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Here is my situation, I got a MSc from a renowned university in Europe and I have been working as a lecturer in a non-EU country until now. I am in my mid thirties (upper part =)) and I have came to an important decision to make:

  • I have been offered to work as a full time lecturer with all my benefits in a local renowned university in the country that I am staying

  • At the same time I have an offer to follow PhD studies in a ZA university, but I am not very keen about it, mainly because the problems with the crime rates and low salary per month

I have seen that there are a lot of possibilities for getting funded PhD positions worldwide, but I am afraid of the following:

  • That after my studies and if I do not get an academic position in the place that I did my PhD studies, to not be able to get another academic position as the one that they are currently offering me (I will be ending my PhD at 42 years old approximately)

I have a high interest for academia, unfortunately the universities in the country that I am working are not so much oriented to research, but only to lecturing. That is why I feel like bored and stressed to do the same task everyday, to do research is very hard because I must occupy my little free time and most of my ideas get stuck after a while (mainly because there are not other academics to talk about problems encountered along my projects)

I would not really like just to end with the MSc and I feel that is something missing in my life, this has lead me to a problem of anxiety and depression.

Any advice?

Thanks

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First of all, nobody can tell you what the best decision for you in such a decision is.

That said, what you need to look at are the opportunity costs of your different options. What do you gain from each of the different possible choices? Equally important is to ask yourself what will you have to give up to pursue those choices.

For you, you need to ask yourself:

  • How important is being a researcher compared to being a lecturer?
  • How difficult do you think it will be to get a position when you finish your PhD?
  • Is your offer of graduate admission worth the upheaval it would cause in your life?

And other questions like these. Once you get a feel for how important these issues are to you, the easier it will be to make a decision. It will still be a very tough decision (these sorts of choices always are), but ultimately it will be your decision, and you'll need to be comfortable with the decision you've reached.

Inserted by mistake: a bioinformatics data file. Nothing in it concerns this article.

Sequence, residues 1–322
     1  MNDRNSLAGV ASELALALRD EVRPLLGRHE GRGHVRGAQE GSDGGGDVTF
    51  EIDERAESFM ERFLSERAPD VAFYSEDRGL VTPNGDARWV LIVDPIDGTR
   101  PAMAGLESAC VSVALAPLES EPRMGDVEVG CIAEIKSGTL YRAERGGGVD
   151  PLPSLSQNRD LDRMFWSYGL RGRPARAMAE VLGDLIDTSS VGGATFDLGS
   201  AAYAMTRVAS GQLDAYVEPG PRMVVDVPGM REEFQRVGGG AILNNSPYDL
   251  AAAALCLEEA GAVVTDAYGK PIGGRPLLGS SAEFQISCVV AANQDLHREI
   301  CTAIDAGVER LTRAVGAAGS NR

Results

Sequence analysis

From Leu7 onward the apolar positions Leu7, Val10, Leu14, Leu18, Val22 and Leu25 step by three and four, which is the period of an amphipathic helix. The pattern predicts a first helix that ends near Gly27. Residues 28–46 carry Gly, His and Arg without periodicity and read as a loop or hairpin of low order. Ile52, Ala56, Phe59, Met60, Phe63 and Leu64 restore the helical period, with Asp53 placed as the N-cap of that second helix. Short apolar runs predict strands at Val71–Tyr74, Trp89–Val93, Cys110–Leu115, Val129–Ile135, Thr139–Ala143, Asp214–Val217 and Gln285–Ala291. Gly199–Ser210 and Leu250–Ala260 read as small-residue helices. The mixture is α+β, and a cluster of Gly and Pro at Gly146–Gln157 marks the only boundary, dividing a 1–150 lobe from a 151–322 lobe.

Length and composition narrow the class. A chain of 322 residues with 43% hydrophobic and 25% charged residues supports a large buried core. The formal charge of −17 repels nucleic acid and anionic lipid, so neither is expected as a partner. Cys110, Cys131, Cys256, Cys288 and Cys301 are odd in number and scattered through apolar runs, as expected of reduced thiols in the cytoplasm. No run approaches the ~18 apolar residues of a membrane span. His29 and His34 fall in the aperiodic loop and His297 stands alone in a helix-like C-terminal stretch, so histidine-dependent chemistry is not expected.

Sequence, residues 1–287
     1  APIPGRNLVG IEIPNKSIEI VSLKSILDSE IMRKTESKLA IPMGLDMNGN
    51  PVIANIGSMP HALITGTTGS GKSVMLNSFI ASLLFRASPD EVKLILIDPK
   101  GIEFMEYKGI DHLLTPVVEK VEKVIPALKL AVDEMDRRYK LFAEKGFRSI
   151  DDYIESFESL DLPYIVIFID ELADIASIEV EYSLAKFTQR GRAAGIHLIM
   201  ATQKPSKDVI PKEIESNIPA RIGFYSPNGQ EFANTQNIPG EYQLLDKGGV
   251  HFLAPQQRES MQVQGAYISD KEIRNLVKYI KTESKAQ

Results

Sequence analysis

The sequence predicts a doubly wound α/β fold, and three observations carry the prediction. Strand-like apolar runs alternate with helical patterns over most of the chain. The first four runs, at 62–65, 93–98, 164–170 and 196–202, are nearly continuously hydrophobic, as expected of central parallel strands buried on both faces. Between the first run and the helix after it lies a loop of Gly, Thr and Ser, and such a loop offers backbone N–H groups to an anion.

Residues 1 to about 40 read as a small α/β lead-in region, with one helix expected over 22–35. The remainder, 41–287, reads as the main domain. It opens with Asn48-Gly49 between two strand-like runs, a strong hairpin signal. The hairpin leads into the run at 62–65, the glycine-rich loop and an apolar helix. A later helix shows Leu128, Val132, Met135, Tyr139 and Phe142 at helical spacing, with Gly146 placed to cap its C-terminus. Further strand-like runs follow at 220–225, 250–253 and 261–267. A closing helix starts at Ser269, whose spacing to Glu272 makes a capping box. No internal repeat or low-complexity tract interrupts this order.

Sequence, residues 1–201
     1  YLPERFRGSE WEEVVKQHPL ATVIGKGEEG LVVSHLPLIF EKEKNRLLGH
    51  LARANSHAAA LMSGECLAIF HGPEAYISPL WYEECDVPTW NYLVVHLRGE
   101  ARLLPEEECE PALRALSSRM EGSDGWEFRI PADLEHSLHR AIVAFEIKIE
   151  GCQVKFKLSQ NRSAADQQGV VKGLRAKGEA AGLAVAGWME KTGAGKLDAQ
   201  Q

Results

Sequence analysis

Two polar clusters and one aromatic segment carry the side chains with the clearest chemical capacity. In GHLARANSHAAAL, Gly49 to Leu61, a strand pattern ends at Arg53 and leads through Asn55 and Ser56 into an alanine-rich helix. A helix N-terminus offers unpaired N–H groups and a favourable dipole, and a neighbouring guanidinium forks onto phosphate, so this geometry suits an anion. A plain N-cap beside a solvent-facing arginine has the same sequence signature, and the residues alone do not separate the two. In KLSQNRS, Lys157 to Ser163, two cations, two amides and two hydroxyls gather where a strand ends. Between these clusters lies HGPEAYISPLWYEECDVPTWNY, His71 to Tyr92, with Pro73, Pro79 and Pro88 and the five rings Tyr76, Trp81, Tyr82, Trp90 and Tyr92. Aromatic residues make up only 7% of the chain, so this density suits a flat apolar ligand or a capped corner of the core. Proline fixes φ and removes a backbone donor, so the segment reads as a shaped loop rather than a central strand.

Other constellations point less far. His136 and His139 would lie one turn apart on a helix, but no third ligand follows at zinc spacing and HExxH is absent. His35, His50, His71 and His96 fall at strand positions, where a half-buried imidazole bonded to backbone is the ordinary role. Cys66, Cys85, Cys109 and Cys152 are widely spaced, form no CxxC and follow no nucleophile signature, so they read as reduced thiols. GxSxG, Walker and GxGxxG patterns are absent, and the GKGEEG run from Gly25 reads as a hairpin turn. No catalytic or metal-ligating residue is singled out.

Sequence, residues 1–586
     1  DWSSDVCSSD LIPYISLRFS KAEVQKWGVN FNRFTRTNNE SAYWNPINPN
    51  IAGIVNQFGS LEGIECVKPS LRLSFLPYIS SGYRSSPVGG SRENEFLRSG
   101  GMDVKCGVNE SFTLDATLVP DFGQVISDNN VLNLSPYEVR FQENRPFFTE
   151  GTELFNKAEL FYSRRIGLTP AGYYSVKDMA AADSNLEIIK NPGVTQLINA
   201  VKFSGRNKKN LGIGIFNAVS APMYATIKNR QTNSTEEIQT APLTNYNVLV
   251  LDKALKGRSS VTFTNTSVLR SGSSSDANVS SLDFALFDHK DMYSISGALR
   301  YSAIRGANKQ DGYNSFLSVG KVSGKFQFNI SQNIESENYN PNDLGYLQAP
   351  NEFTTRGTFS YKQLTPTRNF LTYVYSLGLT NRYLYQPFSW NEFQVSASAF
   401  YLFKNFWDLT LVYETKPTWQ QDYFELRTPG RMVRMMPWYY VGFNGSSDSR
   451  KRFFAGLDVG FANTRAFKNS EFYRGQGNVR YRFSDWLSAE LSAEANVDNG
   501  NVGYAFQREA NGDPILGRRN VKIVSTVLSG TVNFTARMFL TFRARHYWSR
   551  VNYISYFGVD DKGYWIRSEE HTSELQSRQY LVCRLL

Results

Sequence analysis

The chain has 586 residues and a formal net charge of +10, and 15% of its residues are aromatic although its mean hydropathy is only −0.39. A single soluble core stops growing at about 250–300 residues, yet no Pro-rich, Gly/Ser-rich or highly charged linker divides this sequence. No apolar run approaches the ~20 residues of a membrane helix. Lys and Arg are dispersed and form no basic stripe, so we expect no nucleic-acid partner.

• I am sorry. But I think you didn't answer the question, you just reproduced it in a new format. – user4511 Feb 19 '14 at 18:30
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    No. My point is that the problem she has posed is not unanswerable in its given form. I can't tell her "stick with your current job" or "go back to school." I don't know how important it is for her to do research? Does she think that it's an essential component of the remainder of her career or not. Therefore, I'm saying she should prioritize her "needs" and "wants," and figure out which option works best. Recommending a specific path would, in my mind, be irresponsible. – aeismail Feb 19 '14 at 18:41
  • I agree somehow with what you said. My point is your answer can be summarized as: "this is an issue that you have to decide by yourself". Therefore, you did not answer the question, but you just asked her to think about all aspects of the problem and then decide. And if we read her question again, we see that she has already noticed some of the pros and cons of each side of the decision. – user4511 Feb 19 '14 at 18:49
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You are contemplating a choice that has a high risk of failure.

  1. Risk of not completing Ph.D.
  2. Risk of not liking research.
  3. Risk of not finding even a lecturer position afterwards, much less a research position.
  4. Risk of unhappiness due to the conditions during the Ph.D.
  5. Risk of being academically unrewarded/isolated even in a research position.

If all things unfold perfectly, then you will achieve a research position in some years. You may like this more, but will objectively be similar to the position you have now: indoor work, no heavy lifting, job security and benefits, education field, some things you like and some things you dislike.

This seems like a poor risk, particularly for someone already pushing 40 -- the potential upside is smaller. My advice is to correspond with scholars at other institutions, to achieve your spiritual fulfillment while still earning a good paycheck.

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